Geraldine E. Edens is a partner with McKenna Long & Aldridge LLP. She practices in areas involving environmental litigation, regulatory matters, and issues regarding law and science. She counsels clients on environmental compliance, the law and science of chemical regulation, as well as on a wide variety of Clean Air Act issues (NESHAPs, mobile source regulation, Title V permitting, etc.), food additive approvals under the Food Drug and Cosmetic Act, Toxic Release Inventory issues, and issues regarding the Mine Safety and Health Act and the Occupational Health and Safety Act. She has an extensive background in health, the biological sciences, and statistics. Ms. Edens has a broad base of litigation experience with a particular emphasis on litigating issues under the National Environmental Policy Act and related statutes, including the Endangered Species Act, the Marine Mammal Protection Act, the Clean Air Act, and the Clean Water Act. She has defended the adequacy of environmental analyses for major economic development projects, interstate pipeline right-of-way approvals, and off-shore oil development projects (including the high-profile Cape Wind project), as well as challenged NEPA compliance prepared for a large scale commercial development adjacent to the South Rim of the Grand Canyon National Park.
Fred R. Wagner is a principal in the Washington, D.C. office of Beveridge & Diamond, P.C., and is chair of the firm’s Land Use Practice Group. His practice involves counseling and litigation in a wide variety of land use, environmental impact analysis, and public lands matters. Mr. Wagner’s practice focuses on the National Environmental Policy Act and related federal natural resources statutes, such as the National Historic Preservation Act, Section 404 of the Clean Water Act, the Energy Policy Act of 2005, and the Endangered Species Act. While with Beveridge & Diamond, Mr. Wagner has assisted private parties and public agencies in their NEPA compliance efforts nationwide. For example, he has served as Special Counsel to the Ohio and Maryland Departments of Transportation regarding the defense of major transportation projects, and as a Special Assistant Attorney General to the State of North Dakota Water Commission. He currently serves as Counsel to the City of New Orleans in its efforts to develop a new medical center complex. He works with companies in both the traditional and alternative energy sectors seeking federal approvals for major exploration and development projects on and offshore. He has partnered with clients on successful projects such as the Americana Bayside development in Sussex County, Delaware; the Verizon Center in downtown Washington, D.C.; and large land exchanges in Arizona for a leading copper mining company.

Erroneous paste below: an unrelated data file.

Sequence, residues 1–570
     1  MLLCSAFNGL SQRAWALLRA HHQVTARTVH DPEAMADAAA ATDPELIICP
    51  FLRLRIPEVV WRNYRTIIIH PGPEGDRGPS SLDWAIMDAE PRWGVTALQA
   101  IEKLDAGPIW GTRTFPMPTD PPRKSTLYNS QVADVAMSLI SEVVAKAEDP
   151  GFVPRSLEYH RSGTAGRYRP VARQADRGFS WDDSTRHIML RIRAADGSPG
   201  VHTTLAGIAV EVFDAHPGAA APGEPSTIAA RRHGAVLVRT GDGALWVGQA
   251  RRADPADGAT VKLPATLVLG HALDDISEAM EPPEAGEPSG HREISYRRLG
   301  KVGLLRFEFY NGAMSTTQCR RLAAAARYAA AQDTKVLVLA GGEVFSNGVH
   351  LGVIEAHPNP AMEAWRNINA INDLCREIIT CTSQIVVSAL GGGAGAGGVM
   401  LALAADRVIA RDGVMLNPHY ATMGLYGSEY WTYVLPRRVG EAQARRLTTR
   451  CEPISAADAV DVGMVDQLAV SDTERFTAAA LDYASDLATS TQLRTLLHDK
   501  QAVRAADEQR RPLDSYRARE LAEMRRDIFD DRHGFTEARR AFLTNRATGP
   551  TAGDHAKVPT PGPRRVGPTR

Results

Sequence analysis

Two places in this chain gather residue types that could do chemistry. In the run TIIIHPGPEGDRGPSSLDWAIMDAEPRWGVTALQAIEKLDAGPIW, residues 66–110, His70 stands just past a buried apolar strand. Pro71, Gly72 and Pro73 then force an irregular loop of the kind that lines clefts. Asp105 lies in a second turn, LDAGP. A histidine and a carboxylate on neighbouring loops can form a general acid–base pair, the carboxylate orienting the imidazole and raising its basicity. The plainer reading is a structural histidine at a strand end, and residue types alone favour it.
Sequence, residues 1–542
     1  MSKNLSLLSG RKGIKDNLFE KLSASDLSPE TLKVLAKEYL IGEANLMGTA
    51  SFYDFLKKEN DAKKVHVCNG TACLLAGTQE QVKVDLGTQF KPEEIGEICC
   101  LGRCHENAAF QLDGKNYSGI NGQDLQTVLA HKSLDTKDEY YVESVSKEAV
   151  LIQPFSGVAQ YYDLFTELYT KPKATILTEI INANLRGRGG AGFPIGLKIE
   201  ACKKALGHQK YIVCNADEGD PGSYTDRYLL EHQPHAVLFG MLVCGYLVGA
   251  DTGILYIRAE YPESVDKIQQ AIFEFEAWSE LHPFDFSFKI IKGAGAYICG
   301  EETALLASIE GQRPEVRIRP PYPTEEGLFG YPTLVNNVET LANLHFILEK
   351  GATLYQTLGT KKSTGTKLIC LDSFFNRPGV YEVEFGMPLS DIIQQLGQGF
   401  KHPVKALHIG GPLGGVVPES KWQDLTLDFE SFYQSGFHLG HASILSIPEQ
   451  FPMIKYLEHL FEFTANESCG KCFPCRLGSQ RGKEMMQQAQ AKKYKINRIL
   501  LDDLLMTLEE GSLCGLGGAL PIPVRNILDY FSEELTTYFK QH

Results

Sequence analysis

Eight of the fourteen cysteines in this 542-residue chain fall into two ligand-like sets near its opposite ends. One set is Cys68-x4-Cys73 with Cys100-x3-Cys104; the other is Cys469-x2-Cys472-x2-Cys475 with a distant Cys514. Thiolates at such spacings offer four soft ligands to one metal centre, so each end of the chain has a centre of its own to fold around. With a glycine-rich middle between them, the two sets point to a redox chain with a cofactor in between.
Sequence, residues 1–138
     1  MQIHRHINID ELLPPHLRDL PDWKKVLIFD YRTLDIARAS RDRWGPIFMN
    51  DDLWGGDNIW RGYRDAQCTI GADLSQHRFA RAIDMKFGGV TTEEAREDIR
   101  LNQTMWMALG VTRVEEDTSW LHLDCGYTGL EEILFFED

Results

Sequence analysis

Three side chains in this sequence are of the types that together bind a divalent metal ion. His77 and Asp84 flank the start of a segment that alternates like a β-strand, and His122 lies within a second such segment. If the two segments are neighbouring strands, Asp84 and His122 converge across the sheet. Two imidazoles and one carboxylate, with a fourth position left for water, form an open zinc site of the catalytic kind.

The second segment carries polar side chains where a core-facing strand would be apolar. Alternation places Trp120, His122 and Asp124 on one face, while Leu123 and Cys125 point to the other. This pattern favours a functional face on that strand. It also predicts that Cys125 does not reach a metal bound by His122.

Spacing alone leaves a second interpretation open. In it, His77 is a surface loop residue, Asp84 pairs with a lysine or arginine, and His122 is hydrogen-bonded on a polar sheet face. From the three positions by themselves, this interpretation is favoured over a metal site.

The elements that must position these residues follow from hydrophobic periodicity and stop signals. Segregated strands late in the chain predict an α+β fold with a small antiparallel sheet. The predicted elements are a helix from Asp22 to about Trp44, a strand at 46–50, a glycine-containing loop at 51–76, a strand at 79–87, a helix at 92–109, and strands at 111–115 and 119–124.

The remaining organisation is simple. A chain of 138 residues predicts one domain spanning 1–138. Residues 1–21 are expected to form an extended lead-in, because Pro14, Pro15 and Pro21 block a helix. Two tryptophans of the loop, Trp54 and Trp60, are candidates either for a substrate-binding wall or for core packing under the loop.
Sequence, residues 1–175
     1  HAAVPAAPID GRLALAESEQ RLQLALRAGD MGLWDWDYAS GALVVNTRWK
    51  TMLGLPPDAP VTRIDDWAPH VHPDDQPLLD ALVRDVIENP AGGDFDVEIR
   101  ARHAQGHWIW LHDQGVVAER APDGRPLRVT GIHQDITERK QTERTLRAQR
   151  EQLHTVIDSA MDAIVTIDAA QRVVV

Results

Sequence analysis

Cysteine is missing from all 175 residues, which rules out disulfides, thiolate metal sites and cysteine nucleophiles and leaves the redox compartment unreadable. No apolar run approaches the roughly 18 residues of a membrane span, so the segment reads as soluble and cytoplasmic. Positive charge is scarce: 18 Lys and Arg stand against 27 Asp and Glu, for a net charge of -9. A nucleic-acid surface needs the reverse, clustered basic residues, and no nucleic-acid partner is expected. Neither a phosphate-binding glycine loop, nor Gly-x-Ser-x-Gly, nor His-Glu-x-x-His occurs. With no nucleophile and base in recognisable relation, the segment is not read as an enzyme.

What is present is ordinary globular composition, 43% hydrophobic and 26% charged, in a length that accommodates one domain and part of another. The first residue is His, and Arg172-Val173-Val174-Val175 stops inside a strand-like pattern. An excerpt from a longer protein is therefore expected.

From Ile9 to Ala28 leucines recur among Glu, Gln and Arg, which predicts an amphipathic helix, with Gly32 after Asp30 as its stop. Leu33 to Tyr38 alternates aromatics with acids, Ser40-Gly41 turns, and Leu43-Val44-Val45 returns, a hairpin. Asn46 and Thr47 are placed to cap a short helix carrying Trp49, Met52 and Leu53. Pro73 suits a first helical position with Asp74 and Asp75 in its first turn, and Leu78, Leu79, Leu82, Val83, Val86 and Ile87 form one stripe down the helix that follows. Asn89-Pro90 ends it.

Howard Learner is an experienced public interest attorney who serves as the Executive Director of the Environmental Law and Policy Center – the Midwest’s leading environmental legal advocacy and eco-business innovation organization. Mr. Learner is responsible for the overall strategic leadership, policy direction and financial platform of this public interest organization, which works to promote clean energy development solutions to global warming problems, improve the Midwest’s environmental quality, and preserve the region’s natural resources and heritage. ELPC puts into practice its core sustainability principle that environmental progress and economic development can be achieved together. Mr. Learner previously served as the General Counsel for Business and Professional People for the Public Interest, where he specialized in complex environmental, energy and community economic development litigation and policy development. Mr. Learner is an (Adjunct) Professor at Northwestern University Law School and University of Michigan Law School, teaching advanced seminars on environmental/energy law and climate change policy. He serves on the Board of Directors of the American Council for Renewable Energy and of Friends of Israel’s Environment (Chair), and has served on the Executive Committee of the Board of the Environmental Law Institute.